Millennials Are Here—Time to Prepare for Gen Z Mainframe Developers
The arrival of millennials kicked off the GUI-IDE era of mainframe development, but it was also a death knell for ISPF. Over the next few years, the arrival of Gen Z will be another nail in the ISPF coffin.
When it comes to mainframe development tools, we can expect Gen Z’s expectations to align with millennials’—after all, some of these kiddos are graduating college and starting careers in close succession to the generation above them. But as the younger Gen Z cohort comes of age, outdated tools like the green screen will appear even more remote than millennials perceived them to be.
The idea of ditching ISPF and other outdated tools still spooks some mainframe conventionalists who feel pressure from the digital age to change how they’ve done things for the last several decades. But the employment of Gen Z mainframe developers in coming years and the progressive phasing out of outdated tools in lieu of modern alternatives will be a material sign the mainframe has an established future in our digital world and will continue to adapt.
Aside from similar interests in intuitive, familiar development tools, Gen Z mainframe developers will arrive with their own generational idiosyncrasies, à la baby boomers, Gen Xers and millennials before them. It’s the nature of the workplace, and mainframe shops should be prepared to adapt.
It might be better to just download Snapchat if you want to understand how Gen Z sees the world, but in the meantime, these are some of the major things your company should consider as it readies to hire Gen Z mainframe developers.
Gen Z Is Social Media Savvy
The rise of smartphones, along with a deluge of web- and mobile-based social platforms, transpired in the mid-to-late 2000s. As a result, Gen Z has grown up accustomed to these digital channels as normal modes of engagement.
These modes aren’t just ubiquitous in the social space. They also permeate the world of business. For example, Web services and cloud-based team communication tools like HipChat or Slack streamline internal communication, while tools like JIRA improve issue tracking, bug tracking and project management functions.
On one hand, companies need to adopt digital engagement tools like these because they’re expected to be in place by next-generation developers. Even embracing social media platforms like Twitter or Snapchat to build community engagement between employees, customers and potential customers is something your Gen Z mainframe developers will likely expect.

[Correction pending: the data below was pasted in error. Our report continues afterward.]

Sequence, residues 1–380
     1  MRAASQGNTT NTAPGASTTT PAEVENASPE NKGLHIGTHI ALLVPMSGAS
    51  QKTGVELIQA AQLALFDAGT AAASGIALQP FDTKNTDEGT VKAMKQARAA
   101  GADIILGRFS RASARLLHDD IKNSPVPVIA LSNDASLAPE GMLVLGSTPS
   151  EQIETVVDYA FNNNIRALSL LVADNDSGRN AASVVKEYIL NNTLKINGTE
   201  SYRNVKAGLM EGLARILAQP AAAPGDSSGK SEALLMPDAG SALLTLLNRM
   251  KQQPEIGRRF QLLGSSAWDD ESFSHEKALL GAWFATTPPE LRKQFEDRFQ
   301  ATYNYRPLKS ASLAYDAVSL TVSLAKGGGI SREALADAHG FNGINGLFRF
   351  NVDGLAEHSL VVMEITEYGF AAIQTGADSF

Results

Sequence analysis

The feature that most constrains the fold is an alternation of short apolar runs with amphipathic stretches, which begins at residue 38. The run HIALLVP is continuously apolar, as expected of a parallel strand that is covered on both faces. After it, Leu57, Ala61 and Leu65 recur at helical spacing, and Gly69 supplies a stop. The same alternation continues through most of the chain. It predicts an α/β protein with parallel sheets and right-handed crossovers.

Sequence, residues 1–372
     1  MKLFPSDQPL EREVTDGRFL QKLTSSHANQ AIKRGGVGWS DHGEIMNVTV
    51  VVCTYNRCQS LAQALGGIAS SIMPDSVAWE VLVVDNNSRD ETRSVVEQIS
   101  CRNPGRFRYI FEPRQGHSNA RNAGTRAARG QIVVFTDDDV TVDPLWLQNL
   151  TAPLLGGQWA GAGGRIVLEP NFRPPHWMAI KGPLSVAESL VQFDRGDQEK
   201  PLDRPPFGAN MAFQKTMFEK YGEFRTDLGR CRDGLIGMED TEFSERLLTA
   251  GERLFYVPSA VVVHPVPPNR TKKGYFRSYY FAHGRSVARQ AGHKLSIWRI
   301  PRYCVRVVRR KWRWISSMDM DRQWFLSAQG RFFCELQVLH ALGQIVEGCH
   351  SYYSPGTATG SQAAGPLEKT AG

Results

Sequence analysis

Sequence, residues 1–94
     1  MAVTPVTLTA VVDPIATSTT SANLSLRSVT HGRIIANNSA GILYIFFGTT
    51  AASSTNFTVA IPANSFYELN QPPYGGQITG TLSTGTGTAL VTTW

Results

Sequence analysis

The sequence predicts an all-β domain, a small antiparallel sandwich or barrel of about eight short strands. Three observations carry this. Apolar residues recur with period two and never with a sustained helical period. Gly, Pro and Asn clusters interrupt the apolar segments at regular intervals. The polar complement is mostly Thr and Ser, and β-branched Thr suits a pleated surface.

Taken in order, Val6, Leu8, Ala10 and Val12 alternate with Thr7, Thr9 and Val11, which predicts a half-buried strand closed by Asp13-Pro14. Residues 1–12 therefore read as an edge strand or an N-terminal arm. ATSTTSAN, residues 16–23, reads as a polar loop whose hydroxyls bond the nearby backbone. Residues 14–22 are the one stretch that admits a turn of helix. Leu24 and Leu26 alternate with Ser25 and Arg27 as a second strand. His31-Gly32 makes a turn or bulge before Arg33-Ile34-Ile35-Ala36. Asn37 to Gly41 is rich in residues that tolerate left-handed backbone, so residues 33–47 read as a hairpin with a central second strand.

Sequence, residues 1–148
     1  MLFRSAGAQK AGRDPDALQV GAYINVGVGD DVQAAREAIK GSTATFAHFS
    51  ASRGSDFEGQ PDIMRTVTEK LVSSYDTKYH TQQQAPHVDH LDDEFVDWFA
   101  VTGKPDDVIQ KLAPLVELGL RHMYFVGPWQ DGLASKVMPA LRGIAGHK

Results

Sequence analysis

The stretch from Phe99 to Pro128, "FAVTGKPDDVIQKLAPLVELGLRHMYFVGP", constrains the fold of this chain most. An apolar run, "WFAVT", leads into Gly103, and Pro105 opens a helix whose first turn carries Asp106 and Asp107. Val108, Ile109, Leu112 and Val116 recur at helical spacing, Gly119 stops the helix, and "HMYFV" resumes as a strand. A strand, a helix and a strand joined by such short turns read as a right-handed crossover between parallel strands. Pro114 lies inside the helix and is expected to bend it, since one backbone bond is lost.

But more importantly, companies should adopt these tools because they represent the next wave of workplace efficiency. Gen Z mainframe developers use these engagement tools because they provide immediacy. You can avoid the time lag of email and simply chat with friends or colleagues in a digital space as if you’re having a conversation vis-à-vis.
These tools also enable more Agile collaboration and serve as means to preserving the multiple conversational histories between different teams while also keeping information current up to the second. If you implement these tools for your next-generation developers, others in your organization will follow.
Gen Z Shares Gen X Values
According to Small Business Trends, a new survey by EY shows that Gen Z values respect and ethical behavior more than any other characteristic employers offer, along with fair compensation.
Karyn Twaronite, EY Global Diversity and Inclusiveness Officer, noted that these desires contrast with those of millennials, “who prefer more flexibility over structure,” and that “Gen Z is actually exhibiting similar traits to their Gen X parents and boomer grandparents.”
For mainframe shops, the values Gen Z mainframe developers apparently share with Gen Xers, who have already assumed a large portion of leadership and will continue to do so, could make for easier interactions between younger and older coworkers than perhaps the interactions between millennials and baby boomers have been.
The potential for more camaraderie between the youngest and soon-to-be oldest generation of employees at mainframe shops—not to say millennials don’t get along with older colleagues—would be beneficial to the culture of a business in general. It also might help drive collaboration between generations that are more aligned in how they think the mainframe should move forward.
Gen Z Is Feedback Driven
According to an article on CNBC, members of Gen Z “insist on regular feedback instead of waiting for annual performance reviews.” This is advantageous for mainframe shops that have already embraced Agile and DevOps and are moving to more feedback-driven cultures modeled after how they do development.
An Agile culture thrives on continuous improvement and the nimble nature it fosters is enabled by a series of constant feedback loops. Coming of age in a culture dominated by social media that promotes real-time validation or criticism, your future Gen Z mainframe developers will be used to and expect regular feedback.
The benefit managers can expect to come out of Gen Z mainframe developers’ affinity for feedback is an innate drive for continuous improvement of themselves and, therefore, the company.
Mainframe shops that haven’t spent time modernizing their mainframe environments will find it difficult to recruit Gen Z mainframe developers. But with intuitive, familiar tools and Agile, feedback-driven development processes, mainframe shops can create a culture that lets next-generation mainframe developers thrive.
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